Coronavirus: Aylmer, Ont., police won’t fine church in relation to drive-in service

An aerial image captures a full parking lot at the Church of God in Aylmer, Ont., as drive-in church service takes place Sunday morning. Henry Hildebrandt/Provided

Police in Aylmer, Ont., say they won’t fine a local church for defying Ontario’s emergency orders amid the coronavirus pandemic, despite determining they have “reasonable and probable grounds” to do so.

In a news release, Aylmer police said they have “decided to use the incident on the 26th of April as an educational tool for the ‘Church of God’ organizers and parishioners, so they have a clear understanding that the gathering is in violation of the emergency order.”

If they had been fined, police say organizers and parishioners at the Church of God in Aylmer could have faced potential penalties upwards of $100,000.

Under the province’s Emergency Management and Civil Protection Act, all gatherings of more than five people to conduct religious services, rites or ceremonies are banned to prevent the spread of the novel coronavirus.

READ MORE: Coronavirus — Aylmer, Ont., church holds third drive-in service despite police threats of fines

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“I am very thrilled, very relieved, very glad, many have prayed, called, emailed, commented, and messaged us this week, so we are very grateful for the support and passion they have shown for the freedom of this country,” Pastor Henry Hildebrandt told Global News.

When asked about safety concerns about the large gathering, Pastor Hildebrandt said it’s not an issue.

“If people are staying in their cars with there windows up, we are by far the safest parking lot in town.”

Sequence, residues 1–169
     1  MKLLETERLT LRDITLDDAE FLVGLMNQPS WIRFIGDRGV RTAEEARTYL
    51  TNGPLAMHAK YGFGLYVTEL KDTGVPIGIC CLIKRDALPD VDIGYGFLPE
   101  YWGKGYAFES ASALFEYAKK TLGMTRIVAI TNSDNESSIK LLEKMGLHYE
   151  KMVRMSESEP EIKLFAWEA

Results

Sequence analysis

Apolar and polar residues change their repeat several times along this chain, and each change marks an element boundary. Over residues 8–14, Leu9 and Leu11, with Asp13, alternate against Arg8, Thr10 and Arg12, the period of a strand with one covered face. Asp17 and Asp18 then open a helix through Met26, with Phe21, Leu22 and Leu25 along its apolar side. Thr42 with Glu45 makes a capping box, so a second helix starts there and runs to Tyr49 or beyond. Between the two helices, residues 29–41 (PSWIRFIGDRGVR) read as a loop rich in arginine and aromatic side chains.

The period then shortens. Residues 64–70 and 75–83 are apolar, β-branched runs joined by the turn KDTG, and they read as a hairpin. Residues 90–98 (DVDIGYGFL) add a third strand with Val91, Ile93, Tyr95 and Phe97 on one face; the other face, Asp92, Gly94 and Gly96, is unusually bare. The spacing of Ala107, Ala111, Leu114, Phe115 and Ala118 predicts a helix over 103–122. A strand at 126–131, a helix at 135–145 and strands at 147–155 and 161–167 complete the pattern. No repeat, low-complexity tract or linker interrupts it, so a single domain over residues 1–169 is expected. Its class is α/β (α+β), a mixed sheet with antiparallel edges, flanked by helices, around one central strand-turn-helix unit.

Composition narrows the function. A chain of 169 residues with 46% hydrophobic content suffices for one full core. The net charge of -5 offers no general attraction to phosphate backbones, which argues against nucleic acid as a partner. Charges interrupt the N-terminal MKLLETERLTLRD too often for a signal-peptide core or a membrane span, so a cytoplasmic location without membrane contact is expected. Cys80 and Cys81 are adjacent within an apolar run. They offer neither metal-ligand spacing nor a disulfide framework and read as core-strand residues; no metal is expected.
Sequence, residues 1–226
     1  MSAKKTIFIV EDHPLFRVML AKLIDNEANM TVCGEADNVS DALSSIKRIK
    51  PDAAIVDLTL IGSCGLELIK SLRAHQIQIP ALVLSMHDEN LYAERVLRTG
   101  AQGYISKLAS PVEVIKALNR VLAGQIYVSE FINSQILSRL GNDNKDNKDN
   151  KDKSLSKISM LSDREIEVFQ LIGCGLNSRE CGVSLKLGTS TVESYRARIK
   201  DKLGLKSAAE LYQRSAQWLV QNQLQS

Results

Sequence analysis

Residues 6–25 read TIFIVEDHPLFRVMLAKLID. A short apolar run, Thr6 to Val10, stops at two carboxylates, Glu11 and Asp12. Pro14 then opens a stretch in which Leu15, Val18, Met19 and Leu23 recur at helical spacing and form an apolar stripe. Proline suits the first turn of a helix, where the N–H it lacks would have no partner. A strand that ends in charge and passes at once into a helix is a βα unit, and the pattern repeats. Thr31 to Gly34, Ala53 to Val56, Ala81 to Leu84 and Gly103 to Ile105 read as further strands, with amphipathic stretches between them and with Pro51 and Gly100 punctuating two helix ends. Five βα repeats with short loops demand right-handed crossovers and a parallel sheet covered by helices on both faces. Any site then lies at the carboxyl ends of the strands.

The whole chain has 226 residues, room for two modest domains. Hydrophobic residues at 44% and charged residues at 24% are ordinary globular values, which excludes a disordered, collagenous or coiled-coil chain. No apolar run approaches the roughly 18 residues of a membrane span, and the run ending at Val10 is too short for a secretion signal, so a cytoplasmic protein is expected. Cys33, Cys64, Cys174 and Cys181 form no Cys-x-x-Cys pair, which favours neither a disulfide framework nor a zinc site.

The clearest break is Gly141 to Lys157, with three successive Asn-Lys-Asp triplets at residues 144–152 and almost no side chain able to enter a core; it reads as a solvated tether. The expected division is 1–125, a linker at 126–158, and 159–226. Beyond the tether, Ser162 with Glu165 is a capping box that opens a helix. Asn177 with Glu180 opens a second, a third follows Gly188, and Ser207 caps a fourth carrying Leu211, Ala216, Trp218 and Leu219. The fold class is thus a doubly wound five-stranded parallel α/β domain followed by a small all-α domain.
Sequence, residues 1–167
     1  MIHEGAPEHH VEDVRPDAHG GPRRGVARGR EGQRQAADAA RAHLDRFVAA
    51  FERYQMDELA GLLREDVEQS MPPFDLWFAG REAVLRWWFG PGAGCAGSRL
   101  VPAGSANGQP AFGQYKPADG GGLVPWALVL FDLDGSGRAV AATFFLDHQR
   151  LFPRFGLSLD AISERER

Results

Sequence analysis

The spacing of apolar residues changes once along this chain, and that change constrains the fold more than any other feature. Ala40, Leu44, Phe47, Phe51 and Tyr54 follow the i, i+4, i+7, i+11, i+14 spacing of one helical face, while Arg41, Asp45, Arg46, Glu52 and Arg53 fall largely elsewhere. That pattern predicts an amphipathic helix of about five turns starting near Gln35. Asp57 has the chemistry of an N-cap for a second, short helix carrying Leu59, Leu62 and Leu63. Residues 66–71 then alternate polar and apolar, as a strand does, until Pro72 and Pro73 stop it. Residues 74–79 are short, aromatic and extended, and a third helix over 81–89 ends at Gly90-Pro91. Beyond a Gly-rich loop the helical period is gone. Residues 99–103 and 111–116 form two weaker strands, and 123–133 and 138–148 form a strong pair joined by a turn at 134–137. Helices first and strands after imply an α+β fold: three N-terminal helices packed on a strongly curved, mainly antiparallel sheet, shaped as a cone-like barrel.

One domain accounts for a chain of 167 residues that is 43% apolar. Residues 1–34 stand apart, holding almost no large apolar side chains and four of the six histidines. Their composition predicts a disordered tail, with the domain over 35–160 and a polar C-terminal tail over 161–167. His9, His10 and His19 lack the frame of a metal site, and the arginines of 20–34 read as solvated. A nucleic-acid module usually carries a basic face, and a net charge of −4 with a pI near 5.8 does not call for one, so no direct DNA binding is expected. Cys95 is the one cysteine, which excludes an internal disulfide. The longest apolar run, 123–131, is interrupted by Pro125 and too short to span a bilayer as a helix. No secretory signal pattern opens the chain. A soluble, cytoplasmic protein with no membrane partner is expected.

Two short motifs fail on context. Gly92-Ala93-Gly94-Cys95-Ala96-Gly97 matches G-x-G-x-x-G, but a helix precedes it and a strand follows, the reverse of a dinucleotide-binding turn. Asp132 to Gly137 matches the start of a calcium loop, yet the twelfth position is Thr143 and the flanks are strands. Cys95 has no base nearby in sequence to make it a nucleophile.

On April 26, police responded to a large church gathering at the Church of God on John Street North.

While there, police say officers observed at least 61 vehicles with several occupants in the parking lot, all listening to the church service being given by Pastor Hildebrandt.

Police say this was the third weekend that they had responded to the location for reports of people disobeying the emergency order.

READ MORE: Coronavirus — Aylmer, Ont., police consulting with Crown over ‘drive-in’ services at local church

A previous service, held April 19, resulted in 15 complaints from citizens, police said, adding that talks with church leadership on several occasions to resolve the issue proved unfruitful. The church confirms that the first drive-in service was held on Easter Sunday.

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Parishioners read from the Bible in their vehicles in the parking lot at the Church of God in Aylmer, Ont., on Sunday, April 26, 2020. THE CANADIAN PRESS/ Geoff Robins

“I hope that the pastor does take a look at this as a community issue and something that we need to resolve, and hopefully, we can resolve it and return to some normalcy,” police Chief Zvonko Horvat said in an interview with Global News.

He said Aylmer police would continue to respond to any complaints they receive about suspected violations of the emergency order.

Despite previous comments made that they would be going forward with this Sunday’s service, Hildebrandt now says he wants to hear from Ontario’s Premier and his cabinet before going ahead.

— With files from Global News’ Matthew Trevithick

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